A Statewide Guide to Exploring the Best of Tennessee
Smoky Mountain sunsets, Lower Broadway’s honky-tonks, and Beale Street’s neon glow are just a few sensations that make the scenic route worth taking all the way through Tennessee. This star-studded state spans 400 miles from east to west, leading visitors from the foggy peaks of the Blue Ridge Mountains to the hollows of Appalachia to the rolling waters of the Mississippi River.
Each region — East, Middle, and West — claims a bustling homebase steeped in music history and culinary tradition, making the Volunteer State both delightful and logistically convenient to explore. From iconic landmarks to incredible outdoor adventures, set out on your own Tennessee discovery tour with our statewide guide.
Homebase: Knoxville. Centered around a vibrant downtown filled with arts and culture, this East Tennessee hub is the big-city gateway to the Smokies and the Cumberland Plateau. Mountains rise beyond the skyline in multiple directions, providing plenty of outdoor adventure in and around their weatherworn peaks. You’ll find family fun and off-grid expeditions in this section of the Volunteer State made for the nature lover.
Dollywood – Spend the day riding the rollercoasters and waterslides at Dollywood before settling into a rustic Tennessee cabin. The best theme park in the US according to TripAdvisor, Dolly Parton’s namesake attraction is beloved by families looking for a full day of mountain fun.
Pigeon Forge and Gatlinburg – Both national park towns, Pigeon Forge and Gatlinburg come loaded with activities. Highlights include Ripley’s Aquarium of the Smokies, Ober Gatlinburg Amusement Park & Ski Area, and guided outings with Pink Adventure Tours.
The Tennessee Theatre – The twinkling lights of the Tennessee Theatre have brought the stars out in downtown Knoxville since 1908. Now home to the Knoxville Opera and Knoxville Symphony Orchestra, this beautiful monument to a bygone age hosts regular concerts, touring shows, and a summer movie series.
Outdoor Activities and Adventure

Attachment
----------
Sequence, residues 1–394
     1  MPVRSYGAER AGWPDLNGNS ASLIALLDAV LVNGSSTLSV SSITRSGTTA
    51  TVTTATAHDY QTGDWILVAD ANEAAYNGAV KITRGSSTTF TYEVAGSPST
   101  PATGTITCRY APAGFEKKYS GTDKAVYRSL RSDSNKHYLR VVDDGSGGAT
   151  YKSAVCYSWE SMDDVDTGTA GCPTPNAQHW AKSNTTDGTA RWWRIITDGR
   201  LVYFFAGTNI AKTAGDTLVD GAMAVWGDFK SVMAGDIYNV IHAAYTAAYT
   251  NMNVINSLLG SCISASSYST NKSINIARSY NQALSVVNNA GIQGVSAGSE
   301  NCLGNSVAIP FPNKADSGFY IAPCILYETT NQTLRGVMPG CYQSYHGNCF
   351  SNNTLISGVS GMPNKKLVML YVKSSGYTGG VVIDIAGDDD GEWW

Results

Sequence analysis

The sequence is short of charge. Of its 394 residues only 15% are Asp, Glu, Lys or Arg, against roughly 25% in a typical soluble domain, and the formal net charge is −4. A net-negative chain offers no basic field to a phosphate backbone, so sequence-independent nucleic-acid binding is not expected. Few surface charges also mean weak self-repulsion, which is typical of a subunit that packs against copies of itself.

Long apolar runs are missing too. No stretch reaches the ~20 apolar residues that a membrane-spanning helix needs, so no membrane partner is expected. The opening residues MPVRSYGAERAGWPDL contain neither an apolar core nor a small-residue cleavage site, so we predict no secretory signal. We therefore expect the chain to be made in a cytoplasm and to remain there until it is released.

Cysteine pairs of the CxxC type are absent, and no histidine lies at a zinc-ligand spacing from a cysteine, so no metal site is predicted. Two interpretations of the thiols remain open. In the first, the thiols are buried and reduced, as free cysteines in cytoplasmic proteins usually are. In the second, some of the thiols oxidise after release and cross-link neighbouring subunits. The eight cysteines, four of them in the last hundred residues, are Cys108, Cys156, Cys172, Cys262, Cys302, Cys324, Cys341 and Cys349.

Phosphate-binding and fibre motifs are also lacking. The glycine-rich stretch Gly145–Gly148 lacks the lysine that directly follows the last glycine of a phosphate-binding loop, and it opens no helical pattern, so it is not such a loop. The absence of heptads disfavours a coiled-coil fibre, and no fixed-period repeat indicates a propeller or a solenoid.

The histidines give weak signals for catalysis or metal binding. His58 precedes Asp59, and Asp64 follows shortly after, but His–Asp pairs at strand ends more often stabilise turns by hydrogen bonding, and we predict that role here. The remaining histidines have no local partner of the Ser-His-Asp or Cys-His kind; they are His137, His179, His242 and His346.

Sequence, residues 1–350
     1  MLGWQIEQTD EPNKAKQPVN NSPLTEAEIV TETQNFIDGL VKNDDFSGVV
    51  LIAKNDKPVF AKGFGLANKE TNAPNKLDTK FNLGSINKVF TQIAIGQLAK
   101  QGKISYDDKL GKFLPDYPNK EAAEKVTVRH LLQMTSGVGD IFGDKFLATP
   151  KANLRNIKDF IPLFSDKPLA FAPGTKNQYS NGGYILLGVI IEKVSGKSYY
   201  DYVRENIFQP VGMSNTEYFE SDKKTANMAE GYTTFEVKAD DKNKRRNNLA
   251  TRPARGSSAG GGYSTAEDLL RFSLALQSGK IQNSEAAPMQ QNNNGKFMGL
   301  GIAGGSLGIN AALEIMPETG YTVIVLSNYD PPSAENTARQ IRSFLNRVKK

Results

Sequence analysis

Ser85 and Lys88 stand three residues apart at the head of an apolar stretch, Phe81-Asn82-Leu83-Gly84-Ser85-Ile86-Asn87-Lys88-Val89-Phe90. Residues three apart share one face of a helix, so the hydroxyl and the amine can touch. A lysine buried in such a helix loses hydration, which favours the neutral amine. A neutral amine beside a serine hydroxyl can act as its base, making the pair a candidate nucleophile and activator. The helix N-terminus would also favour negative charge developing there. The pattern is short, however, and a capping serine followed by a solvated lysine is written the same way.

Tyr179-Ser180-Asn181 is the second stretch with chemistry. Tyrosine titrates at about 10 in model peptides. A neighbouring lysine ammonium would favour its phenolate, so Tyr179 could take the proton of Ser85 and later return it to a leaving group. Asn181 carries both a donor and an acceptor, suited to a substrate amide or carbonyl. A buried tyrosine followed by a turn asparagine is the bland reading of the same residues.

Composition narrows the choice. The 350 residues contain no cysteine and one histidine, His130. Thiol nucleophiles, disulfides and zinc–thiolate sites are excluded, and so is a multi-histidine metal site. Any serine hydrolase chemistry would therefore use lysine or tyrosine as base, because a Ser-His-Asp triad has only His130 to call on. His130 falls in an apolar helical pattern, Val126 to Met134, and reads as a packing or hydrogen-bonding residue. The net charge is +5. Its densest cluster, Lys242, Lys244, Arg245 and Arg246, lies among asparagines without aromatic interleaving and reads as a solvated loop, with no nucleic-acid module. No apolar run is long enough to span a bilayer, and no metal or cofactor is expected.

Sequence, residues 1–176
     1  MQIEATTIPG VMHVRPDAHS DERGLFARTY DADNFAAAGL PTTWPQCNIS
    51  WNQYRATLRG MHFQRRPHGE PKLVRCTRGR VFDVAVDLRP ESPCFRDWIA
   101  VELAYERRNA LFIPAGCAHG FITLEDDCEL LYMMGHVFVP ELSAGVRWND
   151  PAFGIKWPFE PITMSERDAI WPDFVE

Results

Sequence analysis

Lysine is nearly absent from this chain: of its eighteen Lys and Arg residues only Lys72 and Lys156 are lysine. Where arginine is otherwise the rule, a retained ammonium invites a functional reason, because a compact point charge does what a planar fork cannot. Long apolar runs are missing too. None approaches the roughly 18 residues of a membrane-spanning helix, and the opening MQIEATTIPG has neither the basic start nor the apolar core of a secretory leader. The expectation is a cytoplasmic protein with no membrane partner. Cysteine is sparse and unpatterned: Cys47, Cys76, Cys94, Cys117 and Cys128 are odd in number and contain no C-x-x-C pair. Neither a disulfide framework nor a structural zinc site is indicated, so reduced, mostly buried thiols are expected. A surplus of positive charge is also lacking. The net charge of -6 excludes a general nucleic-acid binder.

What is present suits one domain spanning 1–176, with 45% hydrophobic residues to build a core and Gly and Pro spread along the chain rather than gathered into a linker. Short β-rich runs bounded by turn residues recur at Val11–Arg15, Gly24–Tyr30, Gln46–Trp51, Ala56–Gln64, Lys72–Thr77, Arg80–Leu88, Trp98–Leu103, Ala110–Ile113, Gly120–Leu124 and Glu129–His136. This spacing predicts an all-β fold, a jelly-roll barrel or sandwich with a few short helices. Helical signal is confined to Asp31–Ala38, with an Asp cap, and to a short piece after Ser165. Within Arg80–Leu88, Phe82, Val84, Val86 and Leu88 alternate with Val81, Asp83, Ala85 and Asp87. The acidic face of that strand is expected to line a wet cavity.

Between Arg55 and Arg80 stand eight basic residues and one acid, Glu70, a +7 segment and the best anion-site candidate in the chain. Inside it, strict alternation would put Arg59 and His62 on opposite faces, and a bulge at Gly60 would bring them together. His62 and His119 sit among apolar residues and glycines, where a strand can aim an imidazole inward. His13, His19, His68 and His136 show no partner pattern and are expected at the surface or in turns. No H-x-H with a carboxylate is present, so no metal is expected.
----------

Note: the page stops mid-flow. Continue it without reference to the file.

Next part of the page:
Great Smoky Mountains National Park – Hike, bike, fish, and glimpse wildlife in Great Smoky Mountains National Park. The nation’s most visited national park is also one of the best places to spot black bears in the summertime and see brilliant autumn foliage come October and November.
Lookout Mountain – Head two hours south of Knoxville to watch the sun set over Chattanooga at Sunset Rock or ride the Lookout Mountain Incline Railway to the top for a spectacular scene. Up here you’ll find Rock City Gardens, a natural wonderland of wild rock formations and 400 native plant species (plus trails, caverns, and a gift shop). Located a breath away from the Georgia state line, this landmark of Americana is a must-see when visiting East Tennessee.
Ruby Falls – Explore an underground world full of light and sound at Ruby Falls, the country’s tallest underground waterfall open to the public. This Tennessee wonder is one you’ll remember long after the visit is over.
Gatlinburg SkyLift Park – Riders can take the SkyLift 500 feet up to cross the Sky Bridge — the longest pedestrian cable bridge in North America. Stop at the midpoint to glimpse the view below through glass floor panels.
Sunsphere – Built for the 1982 World’s Fair, the 266-foot Sunsphere is home to one of the state’s most scenic observation decks. Make the trip up to the fourth level to get a glimpse for yourself.
Bijou Theatre – Take in a show in a former vaudeville staple: the Bijou Theatre. This property traces its history all the way back to Andrew Jackson’s administration, when the building operated as a hotel. Today, the Bijou hosts acts from Mavis Staples to Dawes and features a seven-day-a-week bistro.
Knoxville Ice Bears – From October to March, Knoxville’s minor league hockey franchise, the Ice Bears, serves up family entertainment on the doorstep of the Tennessee River at the Knoxville Civic Auditorium and Coliseum.
Homebase: Nashville, aka “Music City.” The state capital played a massive role in the development of country music — storied honky-tonks still line the downtown streets in the shadow of glass skyscrapers and a modern entertainment scene. Beyond the city limits, you’ll find winding cycle routes, hiking retreats, kayaking oases, and more.
Lower Broadway – Head to Lower Broadway to find the historic heart of Music City. While the area has shapeshifted over the years, haunts like Tootsie’s Orchid Lounge, Robert’s Western World, and Acme Feed & Seed still serve up a foot-tappin’ good time.
Country Music Hall of Fame and Museum – Trace the history of country music’s biggest stars back to their beginnings at the Country Music Hall of Fame and Museum. This monument to twang runs the gamut from Hank Williams to Ray Charles and sits within arm’s reach of the honky-tonks of Broadway.
The Parthenon – Nashville is also known as the “Athens of the South.” Built for the 1897 Tennessee Centennial Exposition, this life-size replica of the most famous building in Greece — featuring a to-scale statue of Athena — is as close as you can get to the Mediterranean without crossing an ocean.